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New safety code takes aim at unlicensed workers

Man being electrocuted Adobe Stock
Man being electrocuted Adobe Stock

New rules are hoped to deter dodgy businesses from hiring unlicensed workers to perform dangerous jobs.

Only licensed electricians will be allowed to mount, locate, fix or remove solar panels on Queensland solar farms with a total capacity of at least 100kW under the State Government’s new Construction and Operation of Solar Farms Code of Practice 2019 and the Electrical Safety (Solar Farms) Amendment Regulation 2019.

The new legislation, which takes effect on May 13, came in response to growing concerns about backpackers and unlicensed labourers risking electrocution and fires while mounting and removing live solar panels.

In the last six months, work health and safety and electrical safety inspectors have completed more than 200 audits at solar farms across the Sunshine State and issued 67 statutory breaches of work, health and safety and electrical safety laws.

This includes unlicensed electrical work, non-compliant electrical installations and inadequate safe work method statements and emergency plans.

State Industrial Relations Minister Grace Grace revealed the Queensland Government’s renewable energy target of 50 per cent by the year 2030 has sparked a jump in commercial solar farms across the state and new work for installers.

However, the skills shortage has prompted some contractors to hire unlicensed workers who are unaware solar panels generate power as soon as they are exposed to light, so the individual panels cannot be isolated while being mounted.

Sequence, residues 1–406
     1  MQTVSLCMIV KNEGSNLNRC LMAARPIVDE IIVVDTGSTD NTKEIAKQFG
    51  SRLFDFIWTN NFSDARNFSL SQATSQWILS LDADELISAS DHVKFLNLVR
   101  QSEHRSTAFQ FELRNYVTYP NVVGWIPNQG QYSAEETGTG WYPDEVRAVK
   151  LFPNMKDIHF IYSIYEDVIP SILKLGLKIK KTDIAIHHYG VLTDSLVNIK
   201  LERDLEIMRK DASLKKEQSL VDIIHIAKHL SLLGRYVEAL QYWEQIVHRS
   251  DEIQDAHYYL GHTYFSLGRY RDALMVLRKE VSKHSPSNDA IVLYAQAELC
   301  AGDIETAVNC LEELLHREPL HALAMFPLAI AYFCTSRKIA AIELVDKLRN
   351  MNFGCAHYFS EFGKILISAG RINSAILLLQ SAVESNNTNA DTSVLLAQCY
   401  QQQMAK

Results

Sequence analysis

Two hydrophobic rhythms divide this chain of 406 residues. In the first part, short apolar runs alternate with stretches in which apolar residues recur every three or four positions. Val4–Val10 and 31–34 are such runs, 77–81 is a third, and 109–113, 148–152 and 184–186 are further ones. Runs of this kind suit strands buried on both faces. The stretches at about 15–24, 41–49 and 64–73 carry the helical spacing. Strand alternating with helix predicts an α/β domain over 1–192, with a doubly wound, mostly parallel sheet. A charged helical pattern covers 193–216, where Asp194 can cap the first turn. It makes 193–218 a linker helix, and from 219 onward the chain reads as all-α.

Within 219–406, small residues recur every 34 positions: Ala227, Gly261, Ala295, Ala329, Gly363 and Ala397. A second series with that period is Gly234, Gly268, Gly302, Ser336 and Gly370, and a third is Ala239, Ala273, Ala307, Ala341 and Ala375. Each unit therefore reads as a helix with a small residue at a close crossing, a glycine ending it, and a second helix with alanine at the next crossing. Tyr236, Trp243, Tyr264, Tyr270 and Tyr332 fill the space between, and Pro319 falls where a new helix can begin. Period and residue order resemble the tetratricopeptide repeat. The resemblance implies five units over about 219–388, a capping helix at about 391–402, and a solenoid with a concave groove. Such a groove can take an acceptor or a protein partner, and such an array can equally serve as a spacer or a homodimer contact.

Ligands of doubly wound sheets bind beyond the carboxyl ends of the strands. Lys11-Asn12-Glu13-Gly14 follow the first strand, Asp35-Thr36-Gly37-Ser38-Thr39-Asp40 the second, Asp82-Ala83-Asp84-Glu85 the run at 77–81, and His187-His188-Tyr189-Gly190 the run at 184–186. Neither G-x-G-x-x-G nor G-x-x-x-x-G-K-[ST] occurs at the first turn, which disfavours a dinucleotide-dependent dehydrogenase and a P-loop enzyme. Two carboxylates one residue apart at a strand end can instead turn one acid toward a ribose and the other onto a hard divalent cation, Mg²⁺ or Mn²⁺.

“Workers are at risk from electrocution and fires if solar panels are not properly earthed during installation,” Grace said in a public statement. “Removing panels can be even more dangerous. These are not jobs for unlicensed workers.”

National Electrical and Communications Association executive director Peter Lamont said the changes would help save unnecessary injury or death.

“We fully support the new changes,” he said. “The mounting, locating, fixing, earthing and removing of solar panels at solar farms is dangerous work and it should not be undertaken by unlicensed workers.”

State Electrical Safety Commissioner Greg Skyring welcomed the new rules.

“The new code of practice and regulations will provide guidance and clarity for solar farm developers, owner and contractors when it comes to their electrical safety duties,” he said.

Master Electricians chief executive Malcom Richards echoed this view.

“We welcome these changes which will ensure safety for workers, consumers and the energy industry,” he said. “The new Solar Farm Code of Practice and regulations ensure Queensland keeps pace with the fast-moving renewable energy industry.”

There are already more than $5 billion in operational, committed or underway projects that will create more than 4600 jobs according to State Minister for Natural Resources, Mines and Energy Anthony Lynham.

The new code of practice and electrical safety regulations are available online at electricalsafety.qld.gov.au

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